- Paperback: 212 pages
- Publisher: Phyllis Bruce Books; First Paperback Edition edition (Aug. 28 2003)
- Language: English
- ISBN-10: 0006391818
- ISBN-13: 978-0006391814
- Product Dimensions: 13 x 1.8 x 18 cm
- Shipping Weight: 240 g
- Average Customer Review: 9 customer reviews
- Amazon Bestsellers Rank: #3,607,152 in Books (See Top 100 in Books)
Lost Garden Paperback – Aug 28 2003
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Though The Lost Garden, the third novel by Kingston-based writer Helen Humphreys, is set in England in 1941, it takes place far from the bombs of the Blitz. Gwen Davis, a sad, shy employee of the Royal Horticultural Society who's spent much of her adulthood studying diseased parsnips, leaves London to lead young members of the Women's Land Army on an estate in the Devon countryside. She arrives amid great confusion, but soon realizes that she's inherited a gaggle of Land Girls who are less interested in growing potatoes for the war effort than in consorting with the Canadian soldiers stationed nearby. Gwen is not a natural leader, but she does find allies in Jane, a wan but caustic young woman whose boyfriend is missing in action, and Captain Raley, a dashing Canadian officer prone to quoting from the poems of Tennyson. Gwen also discovers a garden planted by someone who worked on the estate during its grandest years, before World War I decimated an earlier generation of English gardeners. The events that follow prove that the melancholy narrator is wrong to believe, as she says early in the story, that "the stupidity of vegetables is preferable to the unpredictability of people."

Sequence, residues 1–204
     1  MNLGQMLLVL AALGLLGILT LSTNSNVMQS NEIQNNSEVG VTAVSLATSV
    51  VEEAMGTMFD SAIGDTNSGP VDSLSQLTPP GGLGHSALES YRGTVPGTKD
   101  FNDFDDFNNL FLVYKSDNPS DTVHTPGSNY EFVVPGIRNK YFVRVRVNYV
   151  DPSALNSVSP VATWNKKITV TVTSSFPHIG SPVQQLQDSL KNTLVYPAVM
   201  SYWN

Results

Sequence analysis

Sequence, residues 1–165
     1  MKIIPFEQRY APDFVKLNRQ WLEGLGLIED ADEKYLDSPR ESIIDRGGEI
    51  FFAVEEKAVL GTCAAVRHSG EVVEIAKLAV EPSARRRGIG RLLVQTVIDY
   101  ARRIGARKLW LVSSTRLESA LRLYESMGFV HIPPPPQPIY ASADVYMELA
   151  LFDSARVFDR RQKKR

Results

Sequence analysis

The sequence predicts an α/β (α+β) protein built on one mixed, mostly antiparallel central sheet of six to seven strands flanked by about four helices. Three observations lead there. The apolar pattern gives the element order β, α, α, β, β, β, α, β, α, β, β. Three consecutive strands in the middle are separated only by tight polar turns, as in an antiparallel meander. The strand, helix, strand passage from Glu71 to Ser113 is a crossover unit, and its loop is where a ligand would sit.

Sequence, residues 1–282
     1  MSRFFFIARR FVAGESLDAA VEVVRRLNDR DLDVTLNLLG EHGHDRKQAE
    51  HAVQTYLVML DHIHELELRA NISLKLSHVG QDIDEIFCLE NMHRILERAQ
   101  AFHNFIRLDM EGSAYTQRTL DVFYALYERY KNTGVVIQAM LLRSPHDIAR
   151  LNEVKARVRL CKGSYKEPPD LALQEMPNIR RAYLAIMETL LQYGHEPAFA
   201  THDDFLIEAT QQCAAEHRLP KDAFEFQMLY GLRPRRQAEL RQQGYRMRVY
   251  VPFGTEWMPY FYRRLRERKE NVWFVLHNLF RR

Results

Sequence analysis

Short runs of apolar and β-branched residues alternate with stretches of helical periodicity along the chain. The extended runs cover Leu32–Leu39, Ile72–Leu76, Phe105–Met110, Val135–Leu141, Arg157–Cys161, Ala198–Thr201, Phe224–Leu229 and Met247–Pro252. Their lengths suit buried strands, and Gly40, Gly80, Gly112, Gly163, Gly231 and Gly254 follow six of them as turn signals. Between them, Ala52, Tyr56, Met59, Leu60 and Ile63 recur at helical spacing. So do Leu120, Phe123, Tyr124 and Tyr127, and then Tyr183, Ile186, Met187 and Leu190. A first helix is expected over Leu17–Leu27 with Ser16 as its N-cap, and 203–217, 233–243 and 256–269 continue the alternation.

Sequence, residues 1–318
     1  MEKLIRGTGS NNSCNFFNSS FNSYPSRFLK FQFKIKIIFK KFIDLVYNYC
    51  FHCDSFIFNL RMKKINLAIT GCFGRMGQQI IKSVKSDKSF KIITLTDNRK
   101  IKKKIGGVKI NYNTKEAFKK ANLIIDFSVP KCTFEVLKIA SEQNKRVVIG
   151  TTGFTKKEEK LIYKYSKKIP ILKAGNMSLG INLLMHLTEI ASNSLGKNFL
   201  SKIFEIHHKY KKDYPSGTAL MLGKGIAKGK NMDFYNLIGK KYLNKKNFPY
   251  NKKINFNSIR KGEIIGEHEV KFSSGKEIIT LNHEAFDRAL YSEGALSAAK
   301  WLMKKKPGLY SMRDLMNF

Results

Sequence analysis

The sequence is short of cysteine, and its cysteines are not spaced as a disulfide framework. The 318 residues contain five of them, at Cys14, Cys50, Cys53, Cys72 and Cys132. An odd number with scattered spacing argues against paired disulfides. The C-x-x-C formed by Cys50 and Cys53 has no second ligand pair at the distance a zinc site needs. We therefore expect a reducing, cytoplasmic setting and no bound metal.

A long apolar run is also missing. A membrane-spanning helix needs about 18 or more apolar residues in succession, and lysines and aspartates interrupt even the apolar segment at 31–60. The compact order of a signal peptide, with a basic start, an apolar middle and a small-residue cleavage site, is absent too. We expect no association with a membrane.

The Lost Garden is written in a style very much informed by Gwen's favourite writer, Virginia Woolf, who herself has just gone missing as the novel begins. Although some dialogue teeters on the edge between lyrical and overripe, the action builds to a lovely finale that merges all of the novel's disparate elements into something with genuine emotional resonance. Like the roses that fascinate the novel's heroine, The Lost Garden's poise and beauty are complemented by its surprisingly hardy nature. --Jason Anderson --This text refers to an out of print or unavailable edition of this title.
About the Author
HELEN HUMPHREYS is the author of Leaving Earth, a NewYork Times Notable Book and winner of the City of Toronto Book Award; Afterimage,winner of the Rogers Writers Trust Fiction Prize; and The Lost Garden,finalist for the CBCs 2003 Canada Reads competition. Wild Dogs was oneof NOW Magazines Top Ten Fiction books of 2004. She lives in Kingston,Ontario.
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What I love about Helen Humphreys is that her books are short, so you can read them in a day or maybe two and it's a pleasant experience, neatly tied up at the end. I feel connected to her because she's originally from the U.K. like me, and now lives in Kingston, where I used to live. I would always pick up this book at the used bookstore near my old apartment there, but never end up buying it. I was always drawn to the beautiful cover. I'm disappointed that I never thought to go to an event and meet Helen Humphreys when I lived in Kingston, but I didn't starting reading her books until this year.
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